According to Officials in Brussels are working on plans to ensure that the European Treaty is still implemented elsewhere if Ireland votes against it in the referendum.

Although measures such as creating an EU president, "foreign minister" and European diplomatic service may be delayed, they are still expected to be introduced.

 

One diplomat said a "bridging mechanism" was being discussed. If Ireland rejects the treaty, it may simply be removed from the list of signatories and will not be legally obliged to abide by it.

 

By late 2009 or early 2010, when Croatia joins the EU, an amending "Accession Treaty" will be signed by all members including Dublin.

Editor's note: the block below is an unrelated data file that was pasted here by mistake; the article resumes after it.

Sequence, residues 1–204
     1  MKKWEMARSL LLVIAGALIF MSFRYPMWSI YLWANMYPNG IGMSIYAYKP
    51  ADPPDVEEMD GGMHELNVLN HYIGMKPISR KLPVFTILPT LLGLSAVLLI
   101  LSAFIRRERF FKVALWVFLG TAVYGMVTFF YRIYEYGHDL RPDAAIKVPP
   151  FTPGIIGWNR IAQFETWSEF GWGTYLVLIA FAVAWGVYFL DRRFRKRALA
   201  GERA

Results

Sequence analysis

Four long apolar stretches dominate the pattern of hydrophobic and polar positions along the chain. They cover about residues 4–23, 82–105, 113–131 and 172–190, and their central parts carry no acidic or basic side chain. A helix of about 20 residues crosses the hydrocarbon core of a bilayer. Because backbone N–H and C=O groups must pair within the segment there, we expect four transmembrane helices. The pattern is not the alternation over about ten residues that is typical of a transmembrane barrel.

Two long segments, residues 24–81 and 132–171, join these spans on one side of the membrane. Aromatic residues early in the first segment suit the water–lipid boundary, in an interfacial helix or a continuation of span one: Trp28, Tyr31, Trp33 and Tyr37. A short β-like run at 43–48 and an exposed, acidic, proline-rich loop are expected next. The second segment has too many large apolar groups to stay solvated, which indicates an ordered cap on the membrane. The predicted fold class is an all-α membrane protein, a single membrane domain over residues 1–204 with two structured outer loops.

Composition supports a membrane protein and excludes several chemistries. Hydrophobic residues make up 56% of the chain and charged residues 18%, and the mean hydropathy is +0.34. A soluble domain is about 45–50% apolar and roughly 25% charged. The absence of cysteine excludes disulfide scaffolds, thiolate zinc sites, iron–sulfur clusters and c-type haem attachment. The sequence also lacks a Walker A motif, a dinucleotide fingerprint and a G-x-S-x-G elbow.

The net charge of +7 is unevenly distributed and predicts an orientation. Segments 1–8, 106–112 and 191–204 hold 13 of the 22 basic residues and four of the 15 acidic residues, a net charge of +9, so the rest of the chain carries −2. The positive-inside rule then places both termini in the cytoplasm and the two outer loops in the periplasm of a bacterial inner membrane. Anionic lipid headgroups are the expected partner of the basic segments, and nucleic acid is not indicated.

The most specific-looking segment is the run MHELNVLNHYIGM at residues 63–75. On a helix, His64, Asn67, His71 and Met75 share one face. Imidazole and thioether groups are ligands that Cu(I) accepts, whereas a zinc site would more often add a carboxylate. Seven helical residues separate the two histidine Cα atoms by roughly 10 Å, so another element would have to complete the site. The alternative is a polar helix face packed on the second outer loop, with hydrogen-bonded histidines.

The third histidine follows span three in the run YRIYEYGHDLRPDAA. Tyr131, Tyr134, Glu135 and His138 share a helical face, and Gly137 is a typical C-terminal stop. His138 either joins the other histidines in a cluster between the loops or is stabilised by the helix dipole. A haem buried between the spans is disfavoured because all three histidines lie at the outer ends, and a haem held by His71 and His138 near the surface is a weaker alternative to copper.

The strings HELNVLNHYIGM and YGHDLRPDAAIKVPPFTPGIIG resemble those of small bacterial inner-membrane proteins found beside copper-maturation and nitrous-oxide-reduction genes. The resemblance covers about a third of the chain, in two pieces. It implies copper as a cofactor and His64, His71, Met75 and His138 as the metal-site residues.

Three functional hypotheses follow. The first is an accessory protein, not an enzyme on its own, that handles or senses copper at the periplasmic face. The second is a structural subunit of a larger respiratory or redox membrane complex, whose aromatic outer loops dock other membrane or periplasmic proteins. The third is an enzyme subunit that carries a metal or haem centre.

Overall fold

He says that incorporated into it would be a series of protocol texts giving paper "opt-outs" on controversial Irish EU issues, such as taxation powers or greater military co-operation.

 

Such texts would be similar to Britain's existing protocol opt-outs on the Charter of Fundamental Rights and social issues in the Lisbon Treaty text being ratified in Westminster.

 

Ireland, like the rest of the Europe, does not hold referendums on EU enlargement treaties and with new protocol opt-outs Dublin may get a new Accession Treaty past the Irish parliament without a popular vote.

 

"This mechanism would be no more incomprehensible or legalistic than the Treaty itself," said one official.

In an admission that the Treaty is no more than the rejected constitution  in new clothes, the official continued:"It is probably no more difficult than the legal footwork necessary to turn the Constitutional Treaty into [the] Lisbon [Treaty] after the French and Dutch rejected it. The issue will be timing."

Such duplicity by the political classes should be a warning to Australians.